If you’ve read “Born to Run,” you don’t need me to tell you there’s a higher purpose for chia seeds than growing sprout-like “hair” on a clay sculpture of an animal. In the book, Christopher McDougall describes how chia fresca—chia seeds, water, citrus juice and honey—serve as a “home brewed Red Bull” for the Tarahumara, a tribe of natural superathletes in Mexico who routinely run 50 to 100 miles at a time.
And that’s not where the seeds’ alleged super powers stop. Dr. Andrew Weil discusses the myriad health benefits of chia seeds in this Prevention magazine column. A Huffington Post story titled—no joke—”Change Your Life With Chia” rattles off even more healthy, almost miraculous, properties.
What runner wouldn’t be curious? I picked up a pack of chia seeds at Whole Foods, and set out to make me some chia fresca.
The more messageboards I read, the more freaked out I got. One runner after another raved about the delicious drink, which they almost unfailingly described as “slimy” and “gel-like.” Really, runners? Aren’t “slimy” and “delicious” mutually exclusive?
I tried this Chia Fresca recipe from the aforementioned Huffington Post story, whose author describes it as “the perfect before-the-gym endurance drink:”
1 cup spring or filtered water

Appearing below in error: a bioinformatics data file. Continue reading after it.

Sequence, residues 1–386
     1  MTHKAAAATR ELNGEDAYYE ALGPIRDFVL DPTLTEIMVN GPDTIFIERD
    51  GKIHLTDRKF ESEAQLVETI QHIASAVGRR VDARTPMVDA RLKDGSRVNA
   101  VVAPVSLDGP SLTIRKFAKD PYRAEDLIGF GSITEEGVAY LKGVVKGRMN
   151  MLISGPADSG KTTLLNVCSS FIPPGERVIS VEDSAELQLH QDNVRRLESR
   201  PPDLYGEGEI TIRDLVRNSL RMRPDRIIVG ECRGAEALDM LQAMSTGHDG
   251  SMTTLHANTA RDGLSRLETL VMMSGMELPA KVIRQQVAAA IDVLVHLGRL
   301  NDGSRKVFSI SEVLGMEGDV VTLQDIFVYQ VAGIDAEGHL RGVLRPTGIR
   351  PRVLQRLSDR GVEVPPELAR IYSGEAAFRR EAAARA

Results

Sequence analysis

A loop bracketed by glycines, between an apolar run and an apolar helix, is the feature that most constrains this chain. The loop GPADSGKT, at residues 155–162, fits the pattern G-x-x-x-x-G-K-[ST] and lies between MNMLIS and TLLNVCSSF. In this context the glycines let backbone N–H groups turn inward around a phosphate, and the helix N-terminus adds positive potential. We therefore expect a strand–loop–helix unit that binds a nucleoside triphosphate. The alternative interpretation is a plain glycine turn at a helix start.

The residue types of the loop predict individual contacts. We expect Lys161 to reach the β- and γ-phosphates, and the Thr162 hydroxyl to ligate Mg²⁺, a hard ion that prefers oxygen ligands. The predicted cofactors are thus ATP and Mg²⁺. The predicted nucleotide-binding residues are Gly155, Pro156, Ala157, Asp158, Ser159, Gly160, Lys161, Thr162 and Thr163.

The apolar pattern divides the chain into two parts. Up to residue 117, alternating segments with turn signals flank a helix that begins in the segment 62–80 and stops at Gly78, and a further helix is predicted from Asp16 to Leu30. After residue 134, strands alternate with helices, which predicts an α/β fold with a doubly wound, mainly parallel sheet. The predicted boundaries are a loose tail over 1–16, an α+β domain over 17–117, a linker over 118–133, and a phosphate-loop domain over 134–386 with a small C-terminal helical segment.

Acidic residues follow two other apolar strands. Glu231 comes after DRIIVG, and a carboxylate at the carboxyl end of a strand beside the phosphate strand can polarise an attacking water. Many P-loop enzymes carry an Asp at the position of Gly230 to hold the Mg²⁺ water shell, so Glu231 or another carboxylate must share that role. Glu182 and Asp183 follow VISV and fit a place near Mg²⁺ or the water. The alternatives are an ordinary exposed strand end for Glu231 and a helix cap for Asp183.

1 tablespoon chia seeds
2 teaspoons fresh lemon or lime juice
2 teaspoons honey
Whisk the chia seeds into the water and allow them to soak for 10-15 minutes.
Stir in lemon or lime juice and agave and whisk well. Drink immediately. Makes 1 serving.
Guys, I tried. I really tried. And I almost vomited from the first sip. The gooey, slimy, chunky texture was just too much for me. I’m sure my opinion would be more favorable had a glass been given to me after 50-mile run through the Mexican desert, but in my kitchen before a swim at a DC pool, it’s a no-go.
But as horrified as I was by chia fresca, I wasn’t going to give up on chia seeds. Weil recommends sprinkling them a salad or mixing them into yogurt, and I tried the latter a few hours before my run on Tuesday.
I masked the seeds, which I was now thoroughly freaked out by, with almonds and Kashi cereal, plus some berries and peaches from this week’s CSA offerings.
I ate it a few hours before my run on Tuesday … and …
The jury’s still out. It tasted perfectly fine, but I’m not sure I felt any pronounced energy boost. My stomach felt a little gurgly during the run, but that likely has more to do with the uber-hilly route and the DC summer heat than the new fuel.
Next up: chia seeds in a smoothie, and chia energy bars, an idea I got from Matt at No Meat Athlete. Matt says he came to try this recipe to avoid the “little globs of chia snot” in chia fresca. Glad I’m not the only one!
Do you use chia seeds? What in the world do you put them in to make them tasty? Is chia fresca an acquired taste (if you tell me you loved it from Day 1, I’ll never touch the stuff again)?